Forwarded radiation text message is false

Department of Health Secretary Enrique T. Ona would like to inform the public that the Philippines is safe from radiation exposure resulting from the damage to Fukushima nuclear power plant in Japan.

Ona took part in a briefing presided by President Benigno S. Aquino III held this noon to evaluate the possible consequences arising from the Fukushima nuclear plant incident and to consider necessary precautionary measures. Present during the said briefing were Executive Secretary Paquito N. Ochoa, Jr., Science and Technology Secretary Mario Montejo, Budget and Management Secretary Florencio Abad, Presidential Spokesperson Edwin Lacierda, Presidential Communications Development Office Secretary Ricky Carandang as well as officials of the Philippine Nuclear Research institute (PNRI), the Philippine Atmospheric, Geophysical and Astronomical Services Administration (PAG-ASA) and the National Security Agency.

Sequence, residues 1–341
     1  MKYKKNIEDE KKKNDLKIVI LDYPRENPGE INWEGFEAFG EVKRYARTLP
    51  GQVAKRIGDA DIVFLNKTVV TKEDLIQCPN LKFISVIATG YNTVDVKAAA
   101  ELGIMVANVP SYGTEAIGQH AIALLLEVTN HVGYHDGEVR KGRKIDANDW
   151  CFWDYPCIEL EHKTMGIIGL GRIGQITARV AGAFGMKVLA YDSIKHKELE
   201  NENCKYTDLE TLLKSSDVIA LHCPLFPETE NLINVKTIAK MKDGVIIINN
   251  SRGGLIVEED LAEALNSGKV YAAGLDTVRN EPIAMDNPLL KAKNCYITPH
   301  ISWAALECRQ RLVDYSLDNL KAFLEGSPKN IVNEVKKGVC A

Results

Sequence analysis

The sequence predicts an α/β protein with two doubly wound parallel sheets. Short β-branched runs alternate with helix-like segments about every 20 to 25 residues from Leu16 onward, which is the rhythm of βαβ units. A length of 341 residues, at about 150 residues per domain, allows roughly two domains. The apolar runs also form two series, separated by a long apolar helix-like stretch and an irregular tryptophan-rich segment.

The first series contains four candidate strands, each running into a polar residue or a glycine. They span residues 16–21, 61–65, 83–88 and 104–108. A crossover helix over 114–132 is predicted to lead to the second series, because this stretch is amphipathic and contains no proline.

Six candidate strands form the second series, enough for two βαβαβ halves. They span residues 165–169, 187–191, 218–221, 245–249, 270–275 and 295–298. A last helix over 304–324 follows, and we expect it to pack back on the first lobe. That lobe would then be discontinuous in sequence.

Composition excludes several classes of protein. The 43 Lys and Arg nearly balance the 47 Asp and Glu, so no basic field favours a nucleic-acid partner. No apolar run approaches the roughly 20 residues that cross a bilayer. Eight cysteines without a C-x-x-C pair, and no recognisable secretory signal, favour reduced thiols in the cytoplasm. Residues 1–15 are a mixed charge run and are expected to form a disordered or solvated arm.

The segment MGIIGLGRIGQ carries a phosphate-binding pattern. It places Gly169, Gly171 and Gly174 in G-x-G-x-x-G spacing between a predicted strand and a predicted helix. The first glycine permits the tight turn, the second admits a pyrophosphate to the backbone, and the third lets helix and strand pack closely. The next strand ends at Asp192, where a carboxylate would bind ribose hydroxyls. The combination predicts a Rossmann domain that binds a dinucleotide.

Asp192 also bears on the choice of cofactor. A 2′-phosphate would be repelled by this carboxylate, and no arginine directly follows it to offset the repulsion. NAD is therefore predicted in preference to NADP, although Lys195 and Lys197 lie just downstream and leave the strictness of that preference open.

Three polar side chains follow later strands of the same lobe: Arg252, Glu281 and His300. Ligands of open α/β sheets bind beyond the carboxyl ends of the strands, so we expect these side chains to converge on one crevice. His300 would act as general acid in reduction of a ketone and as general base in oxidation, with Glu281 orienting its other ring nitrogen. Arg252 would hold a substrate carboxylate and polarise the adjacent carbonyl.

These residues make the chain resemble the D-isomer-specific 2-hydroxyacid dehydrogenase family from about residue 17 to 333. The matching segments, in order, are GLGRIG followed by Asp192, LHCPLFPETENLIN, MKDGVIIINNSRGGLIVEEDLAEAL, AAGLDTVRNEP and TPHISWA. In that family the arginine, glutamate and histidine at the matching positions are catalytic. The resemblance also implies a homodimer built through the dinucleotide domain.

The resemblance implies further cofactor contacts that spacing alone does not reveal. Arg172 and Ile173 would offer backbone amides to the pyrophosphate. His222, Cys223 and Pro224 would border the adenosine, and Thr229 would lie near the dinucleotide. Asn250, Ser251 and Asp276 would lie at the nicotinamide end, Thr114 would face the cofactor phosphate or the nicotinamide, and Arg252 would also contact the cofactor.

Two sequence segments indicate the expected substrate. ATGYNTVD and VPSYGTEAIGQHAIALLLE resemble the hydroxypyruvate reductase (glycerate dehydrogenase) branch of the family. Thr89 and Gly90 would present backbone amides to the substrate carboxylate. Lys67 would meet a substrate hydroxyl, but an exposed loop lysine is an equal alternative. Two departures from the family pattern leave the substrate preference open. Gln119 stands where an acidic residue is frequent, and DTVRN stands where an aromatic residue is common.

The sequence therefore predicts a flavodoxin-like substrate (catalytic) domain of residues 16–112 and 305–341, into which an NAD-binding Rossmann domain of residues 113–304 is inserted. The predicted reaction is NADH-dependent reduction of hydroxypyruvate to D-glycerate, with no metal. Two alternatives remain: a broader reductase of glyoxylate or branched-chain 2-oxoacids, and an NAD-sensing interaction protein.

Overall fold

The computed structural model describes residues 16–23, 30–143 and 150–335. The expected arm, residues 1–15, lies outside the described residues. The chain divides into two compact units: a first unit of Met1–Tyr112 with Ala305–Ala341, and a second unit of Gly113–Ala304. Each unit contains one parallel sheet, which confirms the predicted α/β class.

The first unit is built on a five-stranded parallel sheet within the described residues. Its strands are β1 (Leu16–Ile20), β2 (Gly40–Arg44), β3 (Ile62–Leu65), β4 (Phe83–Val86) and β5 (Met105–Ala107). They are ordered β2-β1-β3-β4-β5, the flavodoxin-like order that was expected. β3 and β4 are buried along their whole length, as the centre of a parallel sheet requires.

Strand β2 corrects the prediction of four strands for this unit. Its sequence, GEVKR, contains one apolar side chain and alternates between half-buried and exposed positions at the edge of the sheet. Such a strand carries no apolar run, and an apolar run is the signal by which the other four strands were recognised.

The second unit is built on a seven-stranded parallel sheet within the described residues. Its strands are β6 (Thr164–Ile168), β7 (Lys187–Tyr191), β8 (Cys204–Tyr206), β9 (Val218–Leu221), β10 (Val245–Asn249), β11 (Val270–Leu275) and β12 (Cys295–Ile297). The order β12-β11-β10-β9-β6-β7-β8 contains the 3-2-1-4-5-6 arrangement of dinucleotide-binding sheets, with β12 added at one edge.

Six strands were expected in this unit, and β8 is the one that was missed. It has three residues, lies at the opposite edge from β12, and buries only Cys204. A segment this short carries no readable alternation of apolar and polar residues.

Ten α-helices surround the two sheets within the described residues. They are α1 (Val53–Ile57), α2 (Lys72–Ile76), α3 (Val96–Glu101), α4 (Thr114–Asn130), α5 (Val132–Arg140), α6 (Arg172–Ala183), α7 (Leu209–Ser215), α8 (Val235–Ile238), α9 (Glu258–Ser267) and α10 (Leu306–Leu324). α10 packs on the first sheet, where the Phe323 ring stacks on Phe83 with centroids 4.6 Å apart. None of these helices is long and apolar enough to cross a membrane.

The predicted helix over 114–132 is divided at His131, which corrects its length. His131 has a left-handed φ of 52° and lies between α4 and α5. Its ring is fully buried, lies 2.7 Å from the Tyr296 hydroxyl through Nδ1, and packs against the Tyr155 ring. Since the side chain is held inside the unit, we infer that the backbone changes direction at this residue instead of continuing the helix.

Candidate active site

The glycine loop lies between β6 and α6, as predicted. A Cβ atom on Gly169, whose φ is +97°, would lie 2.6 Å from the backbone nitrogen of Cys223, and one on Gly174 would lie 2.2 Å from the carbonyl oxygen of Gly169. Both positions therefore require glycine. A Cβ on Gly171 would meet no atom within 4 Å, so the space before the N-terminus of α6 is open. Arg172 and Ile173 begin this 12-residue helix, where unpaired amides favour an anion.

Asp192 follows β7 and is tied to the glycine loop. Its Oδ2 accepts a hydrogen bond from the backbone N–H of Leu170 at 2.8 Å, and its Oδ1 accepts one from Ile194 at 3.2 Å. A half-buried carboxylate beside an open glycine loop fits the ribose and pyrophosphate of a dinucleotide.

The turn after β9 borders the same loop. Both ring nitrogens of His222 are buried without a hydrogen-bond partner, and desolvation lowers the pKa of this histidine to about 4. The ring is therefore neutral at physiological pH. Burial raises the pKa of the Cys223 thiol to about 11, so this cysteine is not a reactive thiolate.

During the briefing, the PNRI gave assurance that, at present, the Philippines is not in the path of any plume that may have been released by the plant. There was no reported meltdown in the damaged nuclear power plant. As of 11am today the wind pattern in Japan indicates that the Philippines is unlikely to be hit by any radioactive fallout from Fukushima. The PNRI is in coordination with the International Atomic Energy Administration to be abreast of the aftermath of the Fukushima incident. The DOH and all government agencies are monitoring the situation on an hourly basis and have prepared contingency measures.

In this light, radiation text messages being forwarded around are false.

There is no truth to text rumors that radiation from a nuclear plant in Japan has reached the Philippines, the Department of Science and Technology (DOST) said Monday.

DOST Secretary Mario Montejo said the Philippine Nuclear Research Institute (PNRI)’s routine daily radiation monitoring in the environment showed the level of radiation in the environment in the country has remained stable since the Fukushima incident in Japan.

“The advice that people should stay indoors and to wear raincoats if they go outdoors did not come from DOST or any agency member of the National Disaster Coordinating Council,” the DOST said in a statement.

The department also advised the public not to believe rumors currently spreading through text messages, emails, the Internet, and other means of communication.

There you have it. There is no radiation threat in Philippines from Japan power plant. Please stop the spread of wrong information. You are not helping the country that way. ‘Di nakakatulong sa bayan.’

See how the story unfolded in Twitter.